Andrew Lohse ’12, who accused Sigma Alpha Epsilon fraternity of hazing in a 2012 column that ignited a firestorm about the College’s Greek system, has penned a tell-all book. “Confessions of an Ivy League Frat Boy: A Memoir” went on sale Tuesday.
In about 300 pages, Lohse describes SAE as fascinating and repulsive, detailing frequent cocaine usage and pledge activities like vomiting competitions. New members, he alleges, were forced to swim in kiddie pools filled with bodily fluids, chug vinegar and consume omelets made of vomit.
“They were often thoughtful and detail-oriented about their hazing,” Lohse offers at one point, describing his fraternity brothers’ willingness to accommodate his lactose intolerance by providing soy milk in a chugging contest.
Lohse writes that he willingly participated in these rituals, serving as rush chair, and suggests Stockholm syndrome, a psychological condition in which a victim emotionally bonds with his or her abuser, as a possible excuse for his behavior.
In 2012, the College launched an investigation into SAE in response to Lohse’s public account. Later that year, the College charged SAE and 27 of its members with hazing violations. Charges against all 27 members were later dropped.
College spokesperson Justin Anderson wrote in a statement at the time that “information initially presented to the UJAO supported the charges. Information received subsequently, however, indicated that the initial information contained inaccuracies and was not a sufficient basis for the charges to proceed to hearing.”
The withdrawal of charges came two days after Rolling Stone magazine published an article featuring Lohse’s account of hazing at SAE.
In April 2012 SAE was sentenced to a three-term probation and was required to develop a new alcohol management plan.
In a campus-wide email, then associate dean of campus life April Thompson wrote that the Organizational Adjudication Committee, a panel of students, faculty and staff, had found SAE responsible for hazing, disorderly conduct and providing alcohol to underage students. SAE admitted to driving blindfolded students off campus and having new members enter a “splash pool filled with food,” acts that constitute hazing, she wrote.
However, she wrote that “the OAC did not find a preponderance of evidence that SAE engaged in the most egregious of the allegations detailed in the report and did not find a preponderance of evidence that SAE hazed new members in 2011.”
Lohse, who was suspended from the College after pleading no contest to cocaine possession, witness tampering and intoxication in 2010, is currently on medical leave from the College, and has not yet decided if he will return.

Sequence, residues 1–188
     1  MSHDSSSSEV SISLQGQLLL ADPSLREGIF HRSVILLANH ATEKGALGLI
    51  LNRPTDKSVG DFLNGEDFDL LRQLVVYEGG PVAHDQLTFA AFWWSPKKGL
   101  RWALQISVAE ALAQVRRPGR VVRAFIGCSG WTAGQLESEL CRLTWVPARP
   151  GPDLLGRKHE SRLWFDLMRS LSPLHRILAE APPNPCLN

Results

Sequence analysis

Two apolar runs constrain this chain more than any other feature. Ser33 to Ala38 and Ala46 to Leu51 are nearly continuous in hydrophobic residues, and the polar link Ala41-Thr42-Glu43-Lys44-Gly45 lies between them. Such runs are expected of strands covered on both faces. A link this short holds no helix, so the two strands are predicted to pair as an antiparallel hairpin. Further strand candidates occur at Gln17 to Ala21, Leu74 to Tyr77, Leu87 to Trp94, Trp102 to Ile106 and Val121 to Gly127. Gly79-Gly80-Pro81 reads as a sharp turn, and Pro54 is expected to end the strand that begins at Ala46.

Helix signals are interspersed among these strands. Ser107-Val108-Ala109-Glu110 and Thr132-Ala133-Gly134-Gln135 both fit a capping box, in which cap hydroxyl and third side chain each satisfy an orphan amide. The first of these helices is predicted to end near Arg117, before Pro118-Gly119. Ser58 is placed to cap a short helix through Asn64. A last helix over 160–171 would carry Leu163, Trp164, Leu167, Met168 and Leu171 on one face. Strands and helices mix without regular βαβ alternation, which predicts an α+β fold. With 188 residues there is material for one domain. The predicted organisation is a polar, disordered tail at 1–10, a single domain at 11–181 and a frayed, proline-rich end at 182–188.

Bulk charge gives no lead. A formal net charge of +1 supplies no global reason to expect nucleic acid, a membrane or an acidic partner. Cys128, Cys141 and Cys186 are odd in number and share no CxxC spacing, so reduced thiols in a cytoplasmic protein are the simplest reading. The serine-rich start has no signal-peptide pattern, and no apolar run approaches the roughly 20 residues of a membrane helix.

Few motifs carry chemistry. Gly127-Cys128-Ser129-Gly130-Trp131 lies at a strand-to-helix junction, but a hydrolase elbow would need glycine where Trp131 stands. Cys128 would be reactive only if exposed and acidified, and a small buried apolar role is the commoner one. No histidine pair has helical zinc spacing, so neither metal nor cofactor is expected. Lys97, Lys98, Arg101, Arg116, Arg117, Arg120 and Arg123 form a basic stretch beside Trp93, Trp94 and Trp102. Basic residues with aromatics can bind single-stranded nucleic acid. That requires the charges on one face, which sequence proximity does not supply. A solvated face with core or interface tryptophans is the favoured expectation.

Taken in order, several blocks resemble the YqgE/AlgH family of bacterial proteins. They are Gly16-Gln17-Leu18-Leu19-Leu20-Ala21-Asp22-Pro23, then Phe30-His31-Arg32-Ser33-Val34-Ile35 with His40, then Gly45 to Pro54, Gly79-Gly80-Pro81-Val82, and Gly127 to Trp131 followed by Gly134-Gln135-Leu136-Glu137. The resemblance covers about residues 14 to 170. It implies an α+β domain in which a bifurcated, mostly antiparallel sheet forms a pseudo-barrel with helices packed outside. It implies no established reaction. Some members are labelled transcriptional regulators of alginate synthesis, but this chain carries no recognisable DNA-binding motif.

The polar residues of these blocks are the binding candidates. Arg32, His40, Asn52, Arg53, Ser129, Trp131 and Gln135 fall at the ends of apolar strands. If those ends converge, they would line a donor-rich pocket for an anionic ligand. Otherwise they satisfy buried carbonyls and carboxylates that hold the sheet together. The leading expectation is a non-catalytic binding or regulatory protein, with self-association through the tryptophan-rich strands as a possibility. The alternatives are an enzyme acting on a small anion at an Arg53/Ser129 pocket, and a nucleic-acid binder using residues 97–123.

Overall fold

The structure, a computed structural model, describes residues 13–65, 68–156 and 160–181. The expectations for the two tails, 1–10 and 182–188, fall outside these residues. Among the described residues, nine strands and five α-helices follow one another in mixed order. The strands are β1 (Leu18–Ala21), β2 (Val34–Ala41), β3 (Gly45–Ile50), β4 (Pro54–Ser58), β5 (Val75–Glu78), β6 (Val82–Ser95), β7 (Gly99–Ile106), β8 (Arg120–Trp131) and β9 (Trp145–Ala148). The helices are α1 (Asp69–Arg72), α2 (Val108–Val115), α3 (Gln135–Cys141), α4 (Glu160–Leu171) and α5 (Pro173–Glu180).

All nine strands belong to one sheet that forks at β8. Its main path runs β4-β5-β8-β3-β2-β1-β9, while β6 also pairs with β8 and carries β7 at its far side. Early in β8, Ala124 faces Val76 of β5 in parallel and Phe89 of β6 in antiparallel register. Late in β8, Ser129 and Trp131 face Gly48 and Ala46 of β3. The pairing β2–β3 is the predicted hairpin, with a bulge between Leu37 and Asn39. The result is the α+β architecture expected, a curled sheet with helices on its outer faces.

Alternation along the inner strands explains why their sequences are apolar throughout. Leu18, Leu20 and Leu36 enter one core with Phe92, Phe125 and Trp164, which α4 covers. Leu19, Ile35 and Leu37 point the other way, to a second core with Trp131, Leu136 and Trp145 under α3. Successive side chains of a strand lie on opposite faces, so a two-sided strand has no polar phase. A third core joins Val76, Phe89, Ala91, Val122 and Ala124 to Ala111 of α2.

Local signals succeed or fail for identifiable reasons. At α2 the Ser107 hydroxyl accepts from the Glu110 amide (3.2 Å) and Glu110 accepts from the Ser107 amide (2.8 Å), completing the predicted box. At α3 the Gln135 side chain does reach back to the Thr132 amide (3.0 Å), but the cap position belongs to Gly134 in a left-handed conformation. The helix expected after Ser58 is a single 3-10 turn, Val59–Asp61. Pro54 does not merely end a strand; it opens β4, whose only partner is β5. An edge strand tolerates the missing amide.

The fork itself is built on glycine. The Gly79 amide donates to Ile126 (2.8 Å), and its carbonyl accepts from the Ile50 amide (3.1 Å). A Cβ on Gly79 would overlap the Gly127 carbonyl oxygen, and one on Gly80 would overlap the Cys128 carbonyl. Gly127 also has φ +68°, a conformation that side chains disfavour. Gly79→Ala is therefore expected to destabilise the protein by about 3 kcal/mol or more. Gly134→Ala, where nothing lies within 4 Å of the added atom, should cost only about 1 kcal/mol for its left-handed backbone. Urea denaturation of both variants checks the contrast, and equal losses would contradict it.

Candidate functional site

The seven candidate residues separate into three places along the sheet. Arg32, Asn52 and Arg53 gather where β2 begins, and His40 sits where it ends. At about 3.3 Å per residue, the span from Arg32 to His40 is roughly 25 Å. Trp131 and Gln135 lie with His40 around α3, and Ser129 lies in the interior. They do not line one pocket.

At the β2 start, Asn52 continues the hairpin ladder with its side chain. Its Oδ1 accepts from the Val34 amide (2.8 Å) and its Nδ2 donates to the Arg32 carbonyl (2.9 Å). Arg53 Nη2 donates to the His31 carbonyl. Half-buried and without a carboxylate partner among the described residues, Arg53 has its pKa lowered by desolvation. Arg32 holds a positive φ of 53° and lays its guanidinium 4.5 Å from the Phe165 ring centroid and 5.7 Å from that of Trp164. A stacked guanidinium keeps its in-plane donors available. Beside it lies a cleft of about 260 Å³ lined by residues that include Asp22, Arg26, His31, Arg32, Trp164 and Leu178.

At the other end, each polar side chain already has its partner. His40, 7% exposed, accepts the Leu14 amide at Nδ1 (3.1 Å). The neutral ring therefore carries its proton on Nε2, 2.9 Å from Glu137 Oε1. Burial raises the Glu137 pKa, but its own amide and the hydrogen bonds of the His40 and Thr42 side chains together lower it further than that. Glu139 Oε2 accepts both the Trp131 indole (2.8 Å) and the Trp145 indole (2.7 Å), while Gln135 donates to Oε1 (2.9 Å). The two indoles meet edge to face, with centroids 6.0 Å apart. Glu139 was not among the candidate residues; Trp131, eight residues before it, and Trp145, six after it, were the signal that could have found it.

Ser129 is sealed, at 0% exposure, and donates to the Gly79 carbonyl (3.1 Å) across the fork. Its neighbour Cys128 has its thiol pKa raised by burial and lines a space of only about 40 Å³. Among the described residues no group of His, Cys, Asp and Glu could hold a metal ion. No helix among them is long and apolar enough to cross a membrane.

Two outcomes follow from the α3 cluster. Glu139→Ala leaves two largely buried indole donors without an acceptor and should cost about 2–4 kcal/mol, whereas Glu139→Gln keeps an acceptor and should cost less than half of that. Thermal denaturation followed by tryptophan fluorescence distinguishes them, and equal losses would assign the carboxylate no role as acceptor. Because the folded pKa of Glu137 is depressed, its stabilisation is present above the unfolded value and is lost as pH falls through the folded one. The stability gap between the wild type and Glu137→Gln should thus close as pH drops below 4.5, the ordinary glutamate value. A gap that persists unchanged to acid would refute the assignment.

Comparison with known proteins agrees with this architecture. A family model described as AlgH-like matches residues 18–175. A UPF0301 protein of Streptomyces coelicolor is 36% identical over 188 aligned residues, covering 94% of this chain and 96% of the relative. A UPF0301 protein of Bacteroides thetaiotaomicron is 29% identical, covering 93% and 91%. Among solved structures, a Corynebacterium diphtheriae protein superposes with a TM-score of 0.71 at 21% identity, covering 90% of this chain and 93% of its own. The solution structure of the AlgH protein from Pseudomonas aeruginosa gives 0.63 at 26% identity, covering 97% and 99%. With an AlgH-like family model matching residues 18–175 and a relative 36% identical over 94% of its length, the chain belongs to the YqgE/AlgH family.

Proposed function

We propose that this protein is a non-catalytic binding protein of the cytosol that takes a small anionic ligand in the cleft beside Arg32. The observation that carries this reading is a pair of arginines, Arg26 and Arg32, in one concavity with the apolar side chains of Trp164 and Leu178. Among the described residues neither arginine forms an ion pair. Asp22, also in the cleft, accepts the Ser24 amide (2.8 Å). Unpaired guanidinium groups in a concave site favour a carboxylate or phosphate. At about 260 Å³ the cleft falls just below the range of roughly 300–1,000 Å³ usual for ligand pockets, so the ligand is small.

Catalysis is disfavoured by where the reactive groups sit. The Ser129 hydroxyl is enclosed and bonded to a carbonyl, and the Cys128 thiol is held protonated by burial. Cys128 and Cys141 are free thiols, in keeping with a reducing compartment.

He alleged that he met with David Spalding, former College President Jim Yong Kim’s chief of staff, in November 2010. In that meeting, he wrote in his memoir, he showed Spaulding a photo of new members about to be hazed.
“I was led to believe at the time that I was making a report of a large magnitude,” Lohse said in an interview with The Dartmouth. “So yeah, was it optimistic to think that that could cause reform? Sure.”
Spalding could not be reached for comment by press time.
Lohse, who spent two years writing “Confessions of an Ivy League Frat Boy,” said he believes the Greek system should be abolished. If Dartmouth administrators and the Board of Trustees don’t have the “political will or moral courage” to do so, he said he believes making all houses coed is the next best option.
“[Fraternities] are old, antiquated institutions,” Lohse said. “And I personally don’t see them as having a place in the 21st century, least of all at such a prestigious and amazing school.”
The College has strengthened its anti-hazing and alcohol education policies in the past two years, Anderson wrote in a statement to The Dartmouth, adding that College President Phil Hanlon has identified reducing harmful campus behaviors as a “leadership priority.”
“Dartmouth provides many opportunities and strong support for learning and personal growth in and out of the classroom,” the College’s statement read. “It is regrettable when a student, like Mr. Lohse, makes poor choices and fails to take advantage of the experience and resources we provide.”
The College’s recently formed presidential steering committee is expected to present the Board of Trustees with recommendations aimed at ending high-risk behaviors in January 2015.
Abolishing Greek life was the most popular submission received online by the committee, receiving more than 250 suggestions.
SAE’s national leadership announced in March that its members would no longer complete a pledging process before becoming fully initiated members. SAE spokesperson Brandon Weghorst wrote in an email that this change was not related to Lohse’s allegations.
After SAE headquarters learned of Lohse’s allegations through media reports in 2012, it launched an investigation but could not validate them. Lohse did not communicate directly with national headquarters about his concerns, the organization wrote in a statement.
Brendan Mahoney ’12, president of Dartmouth’s SAE chapter when Lohse’s column was published, could not be reached for comment by press time. Michael Fancher ’13, who became SAE’s president during the investigation following Lohse’s allegations, declined to comment.
Current SAE president Daegwon Chae ’15 wrote in an email that none of the fraternity’s current members were affiliated during the time of Lohse’s allegations. He pointed to the national fraternity’s decision to end the traditional pledge program as evidence that the fraternity has been proactive in eliminating “any semblance of hazing or inappropriate behavior.”
Reviews of the book and articles publicizing its release have appeared in outlets like the Huffington Post, Publishers Weekly, the Wall Street Journal and the Daily Mail.
The memoir was published by Thomas Dunne Books.
Taylor Malmsheimer contributed reporting.